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Relativity Media Claims Lifeline From Obscure Maple Leaf Films

The latest company to reportedly throw a financial lifeline to bankrupt Relativity Media is an obscure offshoot of a Canadian investment firm. Previously a funder of three small, little-known pictures, Maple Leaf Films was introduced this week as a partner that will provide $400 million in “equity film financing” to Relativity, the troubled company that filed for Chapter 11 protection last July.

A day after Relativity introduced Maple Leaf as the most recent in a long string of potential financial allies (many of which failed to materialize), the profile of the new financier remained obscure. Its principals did not respond to requests for comment, and it could not be determined how the reported $400 million investment relates to Relativity’s ongoing attempts to extricate itself from bankruptcy.

Relativity goes before a U.S. Bankruptcy Court judge in New York on Friday morning with an appeal to be allowed to emerge from the court’s protection. Judge Michael Wiles will have to determine whether the entertainment company, founded by Ryan Kavanaugh, has done enough to show that it has adequate funding and appropriate management to go forward, without the need for another reorganization or bankruptcy filing.

Relativity had once pledged to raise $100 million in new equity, then said it could get by with a new infusion of just $20 million. Its latest filings with the bankruptcy court suggest its key financing to exit from Chapter 11 will come in the form of two loans, totaling $75 million, from Relativity Media partner Joe Nicholas and from Midcap Financial Trust. Maple Leaf is not mentioned in the court filings.

The company plans to go ahead with producer Dana Brunetti as head of its film studio, but without Brunetti’s long-time business partner, Academy Award-winning actor Kevin Spacey, who reported that he is too busy with other ventures to join Kavanaugh’s company.

But Maple Leaf and its relevance to the bankruptcy proceeding did not appear to be mentioned in any filings with the bankruptcy court. The company was described in a Relativity press release as part of the Maple Leaf Capital Group of companies, which reportedly focus on hedge funds, real estate and film finance through offices in London, Hong Kong and Los Angeles.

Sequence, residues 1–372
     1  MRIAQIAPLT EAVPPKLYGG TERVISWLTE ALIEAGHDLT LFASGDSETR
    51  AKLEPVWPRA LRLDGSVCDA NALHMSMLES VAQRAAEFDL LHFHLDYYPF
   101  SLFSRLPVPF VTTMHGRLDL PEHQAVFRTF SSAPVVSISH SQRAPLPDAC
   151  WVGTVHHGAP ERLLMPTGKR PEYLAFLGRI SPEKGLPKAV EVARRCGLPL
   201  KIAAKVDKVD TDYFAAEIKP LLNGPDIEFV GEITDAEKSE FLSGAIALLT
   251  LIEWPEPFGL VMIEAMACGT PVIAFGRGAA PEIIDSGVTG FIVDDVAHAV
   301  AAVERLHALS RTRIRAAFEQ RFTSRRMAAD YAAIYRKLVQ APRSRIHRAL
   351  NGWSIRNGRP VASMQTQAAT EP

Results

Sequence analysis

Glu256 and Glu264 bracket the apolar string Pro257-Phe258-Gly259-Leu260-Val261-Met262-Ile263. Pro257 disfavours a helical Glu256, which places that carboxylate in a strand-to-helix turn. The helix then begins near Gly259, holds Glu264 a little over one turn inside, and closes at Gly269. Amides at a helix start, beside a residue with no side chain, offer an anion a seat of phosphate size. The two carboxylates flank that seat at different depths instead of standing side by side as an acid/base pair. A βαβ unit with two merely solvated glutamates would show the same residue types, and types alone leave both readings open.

Although the press release said the company began its producing and film financing activities in 2005, it has limited credits. The company backed the film “Standoff,” starring Laurence Fishburne as an assassin who is after a 12-year-old witness to a murder. Released in February, it received a 36 Metacritic score from a handful of reviewers.

Maple Leaf also helped fund the upcoming “The Tank,” to be distributed by Open Road Films, about a simulated trip to Mars that ends in catastrophic failure, and “Hunter’s Prayer,” starring Sam Worthington and Odeya Rush, about an assassin helping a young woman avenge her family’s death.

The Relativity announcement names Michael Wexler and Tove Christensen as principals in Maple Leaf Films, though it does not describe their exact roles. The pair did not respond to an email query.

A bio on the Maple Leaf Capital website says Wexler co-founded the parent company in 2002. He previously worked at Credit Suisse First Boston in London, establishing and managing the single stock derivative trading group. Prior to that he was involved in currency derivative trading for Citibank, the website says. He graduated with distinction from the Richard Ivey School of Business at the University of Western Ontario in 1993.

Christensen is the brother of “Star Wars” actor Hayden Christensen. The pair partnered on a production company called Glacier Films.

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